Over a generation ago, engineer Bill Smith, working at Motorola, developed a management system called Six-Sigma, designed to help companies avoid quality problems in their products and business processes. His system caught morphed into a general theory of management, and became a catch-word and marketing goldmine at business schools as well as requirement for promotion at large corporations.
In 1995, Jack Welsh, CEO of GE, made Six Sigma central to his company’s whole management approach. If you wanted to be promoted at that leading Fortune 100 industrial firm, you needed to be certified in Six Sigma. Other companies followed suit and today most large U.S. corporations and many abroad, as well as some public organizations (including the U.S. military), claim to adhere to the model, and to promote management personnel based upon their having achieved so-called “black belt” or “green belt” status in understanding its precepts.
Indeed, GE’s success in growing rapidly and achieving record profits year after year made Welsh and Six Sigma (a trademarked term owned by Motorola) a leading model for top-level managers everywhere.
Jump forward, though, and GE is now being called an epic management disaster by analysts. The company, with Welsh at the helm, famously expanded into banking and financial services, got caught with its corporate pants down in the Fiscal Crisis and Great Recession that hit in 2007, and is now going through a wrenching divestment and break-up process that has seen its stock price fall from a high of $87 a share in August of 2000, when everything seemed to be humming along nicely, to today’s low of $12.88, a level that valued the company at 50% of what it had been worth just a year ago. (The day’s latest 2.3% share price drop was largely an investor response to the company’s announcement that it was selling its profitable distributed power unit for $3.25 billion in another seemingly desperate effort to pay off its mountain of debt from years of ill-conceived acquisitions)
Last week, in a final indignity, the company, which had been one of the original Dow Industrial Average listings when that index was created back in 1896, was kicked off that widely followed list of Wall Street’s largest and most important firms, embarrassingly replaced by the pharmacy chain Walgreens.
Welsh is long gone at this point, and GE is several CEOs removed from his long tenure, but he and his Six Sigma team remains the ones who made the disastrous decision to move the company heavily into financial services, de-emphasizing the storied company’s historical industrial focus – a move that was central to the company’s later troubles. Significantly, in retiring from the company, Welsh noted that his performance as a manager would be judged not by what happened to the company under his watch, but by how it did in the decades after his departure.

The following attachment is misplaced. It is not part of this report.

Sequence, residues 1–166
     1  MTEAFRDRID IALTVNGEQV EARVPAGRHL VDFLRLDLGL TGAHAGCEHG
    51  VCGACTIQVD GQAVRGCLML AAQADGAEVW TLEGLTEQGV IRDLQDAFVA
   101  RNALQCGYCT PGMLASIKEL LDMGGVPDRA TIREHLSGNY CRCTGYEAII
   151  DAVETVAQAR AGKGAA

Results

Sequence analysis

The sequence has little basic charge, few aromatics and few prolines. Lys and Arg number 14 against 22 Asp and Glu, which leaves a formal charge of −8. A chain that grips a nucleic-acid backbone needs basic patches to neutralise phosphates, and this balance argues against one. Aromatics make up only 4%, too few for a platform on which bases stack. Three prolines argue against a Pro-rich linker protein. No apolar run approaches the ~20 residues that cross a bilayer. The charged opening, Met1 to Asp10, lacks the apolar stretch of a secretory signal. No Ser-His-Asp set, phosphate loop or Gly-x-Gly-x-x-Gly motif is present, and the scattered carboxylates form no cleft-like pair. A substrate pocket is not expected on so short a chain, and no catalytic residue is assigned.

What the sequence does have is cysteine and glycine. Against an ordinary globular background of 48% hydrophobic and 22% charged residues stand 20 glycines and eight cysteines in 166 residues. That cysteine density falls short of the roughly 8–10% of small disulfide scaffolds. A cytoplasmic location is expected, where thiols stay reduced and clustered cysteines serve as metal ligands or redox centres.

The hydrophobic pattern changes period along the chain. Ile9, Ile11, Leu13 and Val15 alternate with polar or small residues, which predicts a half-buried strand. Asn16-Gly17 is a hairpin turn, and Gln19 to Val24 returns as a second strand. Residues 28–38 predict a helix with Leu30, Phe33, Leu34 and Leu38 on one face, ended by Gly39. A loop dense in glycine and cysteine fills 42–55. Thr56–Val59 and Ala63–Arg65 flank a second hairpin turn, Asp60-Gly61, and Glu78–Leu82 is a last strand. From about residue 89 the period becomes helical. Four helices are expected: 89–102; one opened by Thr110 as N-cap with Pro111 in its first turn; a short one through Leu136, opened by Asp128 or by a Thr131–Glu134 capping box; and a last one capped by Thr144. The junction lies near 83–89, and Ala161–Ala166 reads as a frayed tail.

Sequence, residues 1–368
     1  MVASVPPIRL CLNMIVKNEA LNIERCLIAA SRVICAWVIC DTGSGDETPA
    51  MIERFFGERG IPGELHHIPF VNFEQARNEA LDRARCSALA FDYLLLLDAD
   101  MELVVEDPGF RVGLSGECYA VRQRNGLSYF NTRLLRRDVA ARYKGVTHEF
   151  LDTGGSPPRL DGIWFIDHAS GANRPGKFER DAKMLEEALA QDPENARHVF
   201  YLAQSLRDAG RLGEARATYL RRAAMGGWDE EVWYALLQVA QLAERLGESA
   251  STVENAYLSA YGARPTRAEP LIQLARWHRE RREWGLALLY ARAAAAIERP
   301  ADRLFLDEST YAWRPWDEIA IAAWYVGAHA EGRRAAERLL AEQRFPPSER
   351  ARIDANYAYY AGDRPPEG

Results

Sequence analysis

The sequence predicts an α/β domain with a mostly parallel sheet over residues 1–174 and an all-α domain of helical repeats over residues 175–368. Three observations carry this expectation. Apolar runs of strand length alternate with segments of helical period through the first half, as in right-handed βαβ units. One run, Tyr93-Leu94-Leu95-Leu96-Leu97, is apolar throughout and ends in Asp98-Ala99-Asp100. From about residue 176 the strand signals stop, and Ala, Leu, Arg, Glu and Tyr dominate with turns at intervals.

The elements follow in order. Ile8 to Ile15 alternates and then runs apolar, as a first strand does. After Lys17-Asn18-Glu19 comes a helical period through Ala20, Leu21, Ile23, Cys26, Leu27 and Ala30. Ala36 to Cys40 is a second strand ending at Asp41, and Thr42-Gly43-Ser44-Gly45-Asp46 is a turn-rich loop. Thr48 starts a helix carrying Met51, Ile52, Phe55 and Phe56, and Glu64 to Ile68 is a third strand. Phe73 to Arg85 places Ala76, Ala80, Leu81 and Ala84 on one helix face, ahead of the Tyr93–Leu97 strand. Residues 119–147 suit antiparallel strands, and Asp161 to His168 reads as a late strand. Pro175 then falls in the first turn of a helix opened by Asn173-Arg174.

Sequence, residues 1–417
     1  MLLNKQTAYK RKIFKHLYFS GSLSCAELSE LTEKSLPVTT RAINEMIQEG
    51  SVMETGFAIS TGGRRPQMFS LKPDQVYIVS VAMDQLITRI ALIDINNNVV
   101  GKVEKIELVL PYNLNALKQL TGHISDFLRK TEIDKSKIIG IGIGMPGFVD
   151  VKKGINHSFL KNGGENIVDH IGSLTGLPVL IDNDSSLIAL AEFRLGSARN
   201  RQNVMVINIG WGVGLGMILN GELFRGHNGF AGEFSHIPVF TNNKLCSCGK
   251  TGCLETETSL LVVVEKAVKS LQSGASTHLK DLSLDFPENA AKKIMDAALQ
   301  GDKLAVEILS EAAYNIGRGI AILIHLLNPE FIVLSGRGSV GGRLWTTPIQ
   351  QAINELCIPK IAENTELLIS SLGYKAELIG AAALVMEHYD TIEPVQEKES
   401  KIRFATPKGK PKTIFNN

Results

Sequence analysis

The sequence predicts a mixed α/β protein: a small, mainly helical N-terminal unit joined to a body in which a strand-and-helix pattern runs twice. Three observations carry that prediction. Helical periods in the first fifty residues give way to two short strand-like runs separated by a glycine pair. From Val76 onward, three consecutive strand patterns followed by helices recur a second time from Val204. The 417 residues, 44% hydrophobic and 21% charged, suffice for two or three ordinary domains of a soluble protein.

The answer is now in: disastrously.
The same actually can be said about many of the U.S. companies that adopted Welsh’s vaunted Six Sigma model for strategic management.
The question then, is why nobody in business journalism is questioning Six Sigma.
Clearly to the extent the GE has been a Six Sigma pioneer, a key example of its supposedly wondrous ability to deliver profitability and growth (and avoid mistakes), and its main promoter as a management methodology, the company has become an object lesson in why both Six Sigma and GE’s approach to growth by acquisition and diversification should be viewed with great suspicion.
And yet instead there is just silence.
Welsh is still considered a management icon. The Jack Welsh Management Institute at for-profit Strayer University – a popular destination for wannabe managers seeing an MBA featuring Six Sigma certification – boasts of being one of the top 25 online MBA programs in he country, and B-schools across America still offer the Six-Sigma program.
It makes you wonder.
US politicians of both major parties, and especially Republicans, are quick to say that government agencies should be run more “like a business.” The Trump administration has taken that even further, putting actual business people in charge of many of the government’s key departments and agencies. Are these department secretaries and agency heads going to be applying the discredited GE Six-Sigma model to the government operations they direct?
Let’s hope not.
Then again, looking at the withered husk of GE, perhaps, for those who would like to see government, or at least parts of it, shrink, it might be a good thing.
It sure would be great if the Department of Defense, the National Security Agency, the CIA, the DEA, the FBI, the Department of Homeland Security, the Bureau of Land Mangement and the Commerce Department, at least, could get the GE treatment.